“A timely film which depicts current social issues of a rapidly-changing nation. Thought-provoking and highly entertaining!” – Michi Saki, Associate Professor, Doshisha Women’s College of Liberal Arts
The cinematography was good, especially for an indie film. The film needs more scenes in and around beautiful Kyoto. But no doubt the logistics and budget made that problematic.
Impossible to Imagine needs a little work with lighting and sound quality, but overall it is a wonderful flick and definitely a thumbs up for people who enjoy a deeper look into Japanese culture. The film is produced by Hamish Downie, a Japan-based Australian filmmaker and producer.
Downie’s previous works include the multi-award winning short, “An American Piano” and the music video for Robyn Loau’s single “Never Let You Down.” The production level of the film opening and closing credits, and subtitles is high. That is something not often seen even in bigger budget films in Japan.
There is a clash of Japanese-paced romance script with a more Western-style movie-making style at times. That is common in many Japanese-Western cinematic fusion. It’s a difficult balance for even big budget films of this genre to strike.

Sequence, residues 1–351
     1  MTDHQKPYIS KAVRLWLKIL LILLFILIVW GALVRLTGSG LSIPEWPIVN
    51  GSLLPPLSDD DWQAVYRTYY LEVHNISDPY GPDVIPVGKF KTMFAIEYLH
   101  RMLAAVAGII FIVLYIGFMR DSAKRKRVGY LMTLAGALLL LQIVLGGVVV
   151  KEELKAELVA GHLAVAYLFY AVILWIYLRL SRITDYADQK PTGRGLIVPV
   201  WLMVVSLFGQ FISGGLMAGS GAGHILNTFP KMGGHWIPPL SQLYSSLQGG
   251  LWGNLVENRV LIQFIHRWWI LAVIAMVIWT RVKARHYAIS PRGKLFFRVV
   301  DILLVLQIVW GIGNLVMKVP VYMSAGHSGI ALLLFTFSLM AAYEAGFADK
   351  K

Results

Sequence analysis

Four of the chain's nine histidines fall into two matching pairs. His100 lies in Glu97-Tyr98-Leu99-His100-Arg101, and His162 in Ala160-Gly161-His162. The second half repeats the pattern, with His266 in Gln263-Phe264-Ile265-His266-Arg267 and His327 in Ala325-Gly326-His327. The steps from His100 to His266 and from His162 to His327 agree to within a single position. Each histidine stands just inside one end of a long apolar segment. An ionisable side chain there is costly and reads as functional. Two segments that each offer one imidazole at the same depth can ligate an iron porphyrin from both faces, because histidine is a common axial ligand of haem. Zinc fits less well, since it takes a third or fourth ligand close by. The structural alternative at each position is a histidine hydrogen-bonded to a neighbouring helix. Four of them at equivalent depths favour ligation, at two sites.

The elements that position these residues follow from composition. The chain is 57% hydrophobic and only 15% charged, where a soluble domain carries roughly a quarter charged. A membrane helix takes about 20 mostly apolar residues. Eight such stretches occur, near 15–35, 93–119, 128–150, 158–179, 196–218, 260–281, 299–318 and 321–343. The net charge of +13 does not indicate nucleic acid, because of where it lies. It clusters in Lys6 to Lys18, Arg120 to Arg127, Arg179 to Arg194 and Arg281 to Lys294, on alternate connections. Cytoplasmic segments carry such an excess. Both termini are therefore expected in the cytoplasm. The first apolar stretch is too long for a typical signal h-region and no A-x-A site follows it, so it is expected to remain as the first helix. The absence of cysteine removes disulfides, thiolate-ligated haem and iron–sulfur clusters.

The film’s montages bring fun interludes to the plot, but those diversions could have used more frenetic pacing in both music and character movements. There are a few times when the action takes place too far from the camera to achieve maximum dramatic effect.
It would have been nice to see more emphasis on closeups in the emotional moments during the apartment scenes. Still, there are some high-quality photography-tricks used in the film. That was a most pleasant surprise.
“The ancient theme of clashing cultures feels fresh in this heartfelt and nuanced approach.” – Mandy Bartok, Uncover Japan
The film comes in and out of a few of its vignettes too quickly, but that is likely again a product of limited resources. The production team does cleverly cover these pacing issues with title screens throughout the film. And it is easily forgiven.
Impossible to Imagine’s soundtrack features music from a talented group of artists. The theme song is by Jeremy Lim. Composer Hanako Ward builds the emotional ambiance of the film using a mixture of piano, violin, shamisen and koto. Australian indie rock artists, Diet, Dolphin Dog, and Made In Japan punctuate the fun, fast points, within the feature.
The soundtrack does occasionally step on the dialogue, and the music goes missing in a beautiful, blue sky and cloud-filled scene in the film, which would have been a perfect time for the soundtrack to shine. But that may be more a directorial decision rather than a composer’s compositional style choice. In the end, the film is an enjoyable cinematic-watching and listening experience.
Final Thoughts: Impossible to Imagine’s story, acting, production, and setting are excellent for this level of film-making. Highly recommended for casual and diehard fans of indie films, Japanese culture, and out-of-the-box romantic dramas with a unique heart and social conscience.
How To Get Impossible to Imagine
Everyone apart from those in North America, Australia or Italy can now rent or buy the film via Vimeo with full English subs. For those within North America, the film is available to stream on Amazon Prime or buy on DVD. And within Australia and Italy, it should not be too much longer.